If, at step 110, it is determined that the actuator is not on-track, then the integrator 30 provides information as to whether the actuator assembly 12 is seeking towards the ID track 17, i.e. moving in the direction toward the ID track 17, at step 120. If the actuator assembly 12 is seeking towards the ID track 17, then the window compare and logic block 35 instructs the H-bridge driver 20 to retard the velocity of the actuator assembly 12. This is accomplished by reversing the direction of current to the VCM 16, at step 150, until the velocity of the actuator assembly is retarded to the ID velocity. At step 160, the H-bridge driver 20 applies a constant voltage across the VCM 16 so that the transducer head 14 moves to the ID track 17 at a constant ID velocity. Then step 170 is performed as described herein above.

If, at step 120, it is determined that the actuator assembly 12 is not seeking towards the ID track 17, i.e. moving in the direction of the OD track, then the window compare and logic block 35 determines whether the actual velocity of the actuator assembly 12 is less than the OD velocity value, in step 130. If the outcome in step 130 is in the affirmative, then steps 150, 160 and 170 are performed in sequence, as described above.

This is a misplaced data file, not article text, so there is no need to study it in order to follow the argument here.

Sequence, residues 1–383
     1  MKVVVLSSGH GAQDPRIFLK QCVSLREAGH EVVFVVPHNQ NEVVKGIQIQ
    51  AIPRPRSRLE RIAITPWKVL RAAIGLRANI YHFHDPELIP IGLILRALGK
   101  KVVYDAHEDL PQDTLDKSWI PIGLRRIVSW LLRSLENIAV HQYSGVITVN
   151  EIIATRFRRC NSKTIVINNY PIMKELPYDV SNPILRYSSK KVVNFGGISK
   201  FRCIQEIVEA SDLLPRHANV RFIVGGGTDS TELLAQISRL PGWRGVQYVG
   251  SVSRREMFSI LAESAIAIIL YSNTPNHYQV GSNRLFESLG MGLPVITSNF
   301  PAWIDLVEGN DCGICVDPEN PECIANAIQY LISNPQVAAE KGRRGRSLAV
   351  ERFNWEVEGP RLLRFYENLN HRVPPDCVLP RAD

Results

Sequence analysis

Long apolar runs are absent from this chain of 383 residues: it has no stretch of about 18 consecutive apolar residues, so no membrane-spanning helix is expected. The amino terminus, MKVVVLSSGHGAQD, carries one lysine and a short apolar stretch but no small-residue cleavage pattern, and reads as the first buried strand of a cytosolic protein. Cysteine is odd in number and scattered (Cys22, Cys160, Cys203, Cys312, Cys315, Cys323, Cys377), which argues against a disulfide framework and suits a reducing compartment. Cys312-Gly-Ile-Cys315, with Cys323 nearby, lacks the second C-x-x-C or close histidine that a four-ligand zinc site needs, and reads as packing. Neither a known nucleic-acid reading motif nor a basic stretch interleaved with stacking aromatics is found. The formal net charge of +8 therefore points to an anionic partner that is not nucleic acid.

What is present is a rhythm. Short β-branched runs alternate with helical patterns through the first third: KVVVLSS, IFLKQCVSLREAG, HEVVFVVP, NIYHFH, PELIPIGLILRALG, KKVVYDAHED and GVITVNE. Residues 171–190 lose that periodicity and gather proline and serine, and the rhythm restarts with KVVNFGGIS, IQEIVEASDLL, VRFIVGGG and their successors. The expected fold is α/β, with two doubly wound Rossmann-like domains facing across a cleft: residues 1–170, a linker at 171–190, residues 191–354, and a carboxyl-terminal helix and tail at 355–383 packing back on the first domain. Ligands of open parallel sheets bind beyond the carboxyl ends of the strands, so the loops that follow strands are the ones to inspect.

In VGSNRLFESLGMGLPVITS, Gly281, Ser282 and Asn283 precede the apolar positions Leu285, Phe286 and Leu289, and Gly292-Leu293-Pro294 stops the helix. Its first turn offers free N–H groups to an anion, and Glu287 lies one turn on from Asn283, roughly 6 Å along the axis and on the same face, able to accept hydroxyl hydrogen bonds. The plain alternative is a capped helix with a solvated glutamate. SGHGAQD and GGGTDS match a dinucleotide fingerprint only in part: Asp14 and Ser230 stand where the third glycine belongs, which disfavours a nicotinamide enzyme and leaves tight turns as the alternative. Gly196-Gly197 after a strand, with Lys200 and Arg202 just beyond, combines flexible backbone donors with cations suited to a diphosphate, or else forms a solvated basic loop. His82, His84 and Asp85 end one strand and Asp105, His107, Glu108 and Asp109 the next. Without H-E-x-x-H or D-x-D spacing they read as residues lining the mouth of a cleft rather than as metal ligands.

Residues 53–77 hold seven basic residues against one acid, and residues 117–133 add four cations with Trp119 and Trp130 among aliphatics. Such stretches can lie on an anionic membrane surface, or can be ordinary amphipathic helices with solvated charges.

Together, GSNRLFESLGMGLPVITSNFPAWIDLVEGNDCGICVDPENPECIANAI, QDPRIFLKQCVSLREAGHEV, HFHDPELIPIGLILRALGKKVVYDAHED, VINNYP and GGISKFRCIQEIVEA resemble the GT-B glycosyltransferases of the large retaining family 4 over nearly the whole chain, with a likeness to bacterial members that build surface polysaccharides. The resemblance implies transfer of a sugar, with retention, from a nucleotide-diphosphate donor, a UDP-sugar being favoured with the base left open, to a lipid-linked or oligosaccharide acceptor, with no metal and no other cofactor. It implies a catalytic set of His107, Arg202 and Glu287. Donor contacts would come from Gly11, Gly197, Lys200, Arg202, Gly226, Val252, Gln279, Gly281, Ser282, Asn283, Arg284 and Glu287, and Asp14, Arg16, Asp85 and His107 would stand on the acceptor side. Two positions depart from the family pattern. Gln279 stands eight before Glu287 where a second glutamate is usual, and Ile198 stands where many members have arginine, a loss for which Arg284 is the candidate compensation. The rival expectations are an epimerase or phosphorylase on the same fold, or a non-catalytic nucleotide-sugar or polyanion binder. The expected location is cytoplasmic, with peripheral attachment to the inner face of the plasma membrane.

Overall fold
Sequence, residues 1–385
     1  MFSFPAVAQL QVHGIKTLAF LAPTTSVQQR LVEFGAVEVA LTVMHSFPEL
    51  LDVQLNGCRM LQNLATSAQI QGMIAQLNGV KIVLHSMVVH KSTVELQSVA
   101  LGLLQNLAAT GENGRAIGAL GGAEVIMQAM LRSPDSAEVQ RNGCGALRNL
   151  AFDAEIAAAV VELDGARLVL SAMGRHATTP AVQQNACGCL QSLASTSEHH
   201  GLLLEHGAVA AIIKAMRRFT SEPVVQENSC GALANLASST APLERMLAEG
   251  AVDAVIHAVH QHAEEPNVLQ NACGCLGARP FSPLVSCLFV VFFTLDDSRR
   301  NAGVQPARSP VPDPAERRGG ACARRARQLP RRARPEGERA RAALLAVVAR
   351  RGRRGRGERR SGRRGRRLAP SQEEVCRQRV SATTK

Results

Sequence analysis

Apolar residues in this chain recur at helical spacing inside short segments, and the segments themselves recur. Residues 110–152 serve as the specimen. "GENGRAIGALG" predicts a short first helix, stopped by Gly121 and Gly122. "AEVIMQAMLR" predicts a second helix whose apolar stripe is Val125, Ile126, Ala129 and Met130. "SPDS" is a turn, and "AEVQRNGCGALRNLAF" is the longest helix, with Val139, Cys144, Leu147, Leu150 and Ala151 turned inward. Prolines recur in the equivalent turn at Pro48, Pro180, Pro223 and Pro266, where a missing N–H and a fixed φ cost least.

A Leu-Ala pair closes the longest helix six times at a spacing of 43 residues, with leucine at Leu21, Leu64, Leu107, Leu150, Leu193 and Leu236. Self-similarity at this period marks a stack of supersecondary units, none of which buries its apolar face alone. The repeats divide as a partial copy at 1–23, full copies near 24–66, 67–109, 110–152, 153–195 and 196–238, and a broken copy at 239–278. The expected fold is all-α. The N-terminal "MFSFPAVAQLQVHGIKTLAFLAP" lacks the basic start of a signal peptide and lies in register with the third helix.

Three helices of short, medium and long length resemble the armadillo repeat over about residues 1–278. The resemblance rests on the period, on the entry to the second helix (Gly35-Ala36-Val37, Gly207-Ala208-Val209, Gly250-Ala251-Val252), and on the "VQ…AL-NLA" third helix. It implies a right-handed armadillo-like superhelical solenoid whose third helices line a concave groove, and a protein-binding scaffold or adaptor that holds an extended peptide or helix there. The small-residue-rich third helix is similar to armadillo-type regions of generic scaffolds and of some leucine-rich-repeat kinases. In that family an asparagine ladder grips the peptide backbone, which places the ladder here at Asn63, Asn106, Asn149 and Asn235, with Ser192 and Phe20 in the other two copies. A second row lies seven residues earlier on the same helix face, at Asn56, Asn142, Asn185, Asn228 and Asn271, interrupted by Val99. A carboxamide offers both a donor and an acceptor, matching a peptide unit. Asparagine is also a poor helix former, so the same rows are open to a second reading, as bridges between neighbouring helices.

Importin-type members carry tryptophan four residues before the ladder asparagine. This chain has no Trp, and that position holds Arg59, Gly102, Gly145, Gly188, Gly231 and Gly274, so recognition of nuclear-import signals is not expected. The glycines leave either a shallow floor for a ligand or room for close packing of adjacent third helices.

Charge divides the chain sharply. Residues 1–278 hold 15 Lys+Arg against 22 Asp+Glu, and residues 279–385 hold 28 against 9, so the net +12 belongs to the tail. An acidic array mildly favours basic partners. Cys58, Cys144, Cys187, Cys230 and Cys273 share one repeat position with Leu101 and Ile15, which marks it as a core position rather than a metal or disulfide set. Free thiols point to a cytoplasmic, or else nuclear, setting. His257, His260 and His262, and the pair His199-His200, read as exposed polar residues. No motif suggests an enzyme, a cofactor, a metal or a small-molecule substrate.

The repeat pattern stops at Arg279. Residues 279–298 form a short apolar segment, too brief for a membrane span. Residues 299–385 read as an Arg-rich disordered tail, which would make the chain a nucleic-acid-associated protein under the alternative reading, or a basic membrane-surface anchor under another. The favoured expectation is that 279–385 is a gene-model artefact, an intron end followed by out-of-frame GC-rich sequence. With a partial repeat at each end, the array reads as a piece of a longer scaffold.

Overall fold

If the window compare and logic block determines that the outcome of step 130 is negative, then the actual velocity of the actuator assembly 12 is retarded as H-bridge driver 20 reverses the current across the VCM 16, in step 140. Then the transducer head 14 is retracted at the constant OD velocity toward the OD track 18 and then to the ramp 15, in step 170.

When power to the disk drive 10 is lost or turned off, BEMF from the spindle motor 50 supplies the power to H-bridge driver 20 for retarding and retracting the actuator assembly 12. A reservoir capacitor 42 (shown in FIG. 1) may be added to supply additional voltage if the BEMF DC level is insufficient to power the circuit 60. In addition, a second capacitor may be coupled to the spindle motor driver 27 to provide additional current to retract the actuator assembly 12.

While circuit 60 has been described with reference to retracting the actuator assembly 12 onto a ramp 15, circuit 60 may also retract actuator assembly 12 to an annular parking area 19 of disk 11, as shown in FIG. 3.

While the particular disk drive 10 as herein shown and disclosed in detail are fully capable of obtaining the objects and providing the advantages herein before stated, it is to be understood that it is merely illustrative of the presently preferred embodiments of the invention and that no limitations are intended to the details of construction or design herein shown other than as described in the appended claims.

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Referenced by
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Classifications
U.S. Classification318/280, 360/78.04, 360/75, G9B/21.021, 318/368, 318/632, 318/364
International ClassificationH02P25/02, G11B21/12
Cooperative ClassificationG11B21/12, H02P25/028
European ClassificationH02P25/02H, G11B21/12